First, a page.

Their choice was William 'Bill' Griffin (b. 15th August 1950, Detroit, Michigan, U.S.A.), who was introduced by Smokey to the group's audiences during the 1972 U.S. tour.
The album contained a collaboration with Marvin Gaye on the track 'I Love You Secretly'.
The following year, they released the singles 'Do It Baby' and 'Don'tcha Love It'.
city of angels (1975) / power of music (1976)
In 1975, 'Love Machine' became the Miracles' first U.S. chart-topper, while the concept album 'City Of Angels' was acclaimed as one of Motown's most adventurous releases.
The Miracles relocated to Columbia Records in 1977.
love crazy (1977) / the miracles (1978)
Billy Griffin, left the line-up setting out on a successful solo career, and charting in 1983 with 'Hold Me Tighter In The Rain'.
Donald Griffin briefly joined the group in his place, but the Miracles ceased recording in 1978.
Thereafter, Ronnie White and Bill Rogers steered the outfit into the new decade as a touring band, before the Miracles disbanded.
They were later re-formed by Bobby Rogers in 1982.
He enlisted Dave Finlay and Carl Cotton as the new Miracles.
Former members Billy Griffin and Claudette Robinson (Smokey ex wife at this time) recorded solo tracks for Ian Levine's Motor City label during 1988-91.
Another reformed group comprising Billy Griffin, Robinson, Rogers, Donald Griffin, Cotton and Finlay also recorded for Levine, remaking 'Love Machine' in 1990.
In 2009, original member Pete Moore is owner and CEO of his own Las Vegas-based entertainment firm, WBMM Enterprises.
Bobby Rogers,in addition to touring with the current group, is owner of his own interior design firm.
Ronnie White had become a real estate developer.
He passed away at the age of 57 on the 26th August 1995 from leukaemia, and is survived his wife, Gloria, a son, Ron II, and a daughter, Pamela.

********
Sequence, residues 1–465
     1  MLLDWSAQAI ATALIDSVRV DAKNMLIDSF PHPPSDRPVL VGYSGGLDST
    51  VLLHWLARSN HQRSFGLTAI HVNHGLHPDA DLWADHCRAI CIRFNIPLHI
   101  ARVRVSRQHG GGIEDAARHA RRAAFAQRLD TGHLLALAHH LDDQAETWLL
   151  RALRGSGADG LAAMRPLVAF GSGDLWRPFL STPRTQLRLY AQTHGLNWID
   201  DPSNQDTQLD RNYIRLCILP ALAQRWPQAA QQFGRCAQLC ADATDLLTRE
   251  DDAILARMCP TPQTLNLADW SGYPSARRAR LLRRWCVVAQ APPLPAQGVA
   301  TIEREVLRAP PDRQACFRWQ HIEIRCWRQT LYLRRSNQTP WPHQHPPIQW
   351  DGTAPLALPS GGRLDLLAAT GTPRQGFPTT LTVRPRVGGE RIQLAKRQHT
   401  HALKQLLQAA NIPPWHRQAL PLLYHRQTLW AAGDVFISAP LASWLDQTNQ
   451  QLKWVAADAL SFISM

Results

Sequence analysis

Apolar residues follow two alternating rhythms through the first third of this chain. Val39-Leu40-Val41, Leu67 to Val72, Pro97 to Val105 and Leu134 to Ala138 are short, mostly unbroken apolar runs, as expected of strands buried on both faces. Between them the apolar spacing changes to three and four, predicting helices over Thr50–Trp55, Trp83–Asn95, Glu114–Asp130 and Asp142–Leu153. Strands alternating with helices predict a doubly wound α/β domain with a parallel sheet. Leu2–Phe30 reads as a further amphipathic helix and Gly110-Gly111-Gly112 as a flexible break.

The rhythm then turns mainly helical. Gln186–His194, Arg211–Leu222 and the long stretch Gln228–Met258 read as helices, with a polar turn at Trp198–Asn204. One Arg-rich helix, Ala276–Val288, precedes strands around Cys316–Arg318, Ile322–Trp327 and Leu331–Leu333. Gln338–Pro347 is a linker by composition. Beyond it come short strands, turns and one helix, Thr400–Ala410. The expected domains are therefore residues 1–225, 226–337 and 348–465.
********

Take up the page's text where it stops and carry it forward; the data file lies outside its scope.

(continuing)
Marv Tarplin continues to write songs, tour, and works with Smokey.
Claudette Robinson is a board member of the national Rhythm and Blues Foundation,and continues to perform at concerts with the Miracles.
Bobby Rogers passed away in 2013 from an undisclosed illness.
Smokey Robinson owns his own food corporation, Smokey Robinson Foods and continues to tour and record as a solo artist.
Hi, We're The Miracles (Tamla Records 1961)
Cookin' With The Miracles (Tamla Records 1962)
I'll Try Something New (Tamla Records 1962)
The Fabulous Miracles (Tamla Records 1963)
Recorded Live: On Stage (Tamla Records 1963)
Christmas With The Miracles (Tamla Records 1963)
The Miracles Doin Mickey's Monkey (Tamla Records 1963)
Going To A Go-Go (Tamla Records 1965)
I Like It Like That (Tamla Records 1965)
Away We A Go-Go (Tamla Records 1966)
Make It Happen (Tamla Records 1967)
Special Occasion (Tamla Records 1968)
Live! (Tamla Records 1969)
Time Out For Smokey Robinson And The Miracles (Tamla Records 1969)
Four In Blue (Tamla Records 1969)
What Love Has Joined Together (Tamla Records 1970)
A Pocket Full Of Miracles (Tamla Records 1970)
The Season For Miracles (Tamla Records 1970)
One Dozen Roses (Tamla Records 1971)
Flying High Together (Tamla Records 1972)
Renaissance (Tamla Records 1973)
Do It Baby (Tamla Records 1974)
Don't Cha Love It (Tamla Records 1975)
City Of Angels (Tamla Records 1975)
The Power Of Music (Tamla Records 1976)
Love Crazy (Columbia Records 1977)
The Miracles (Columbia Records 1978)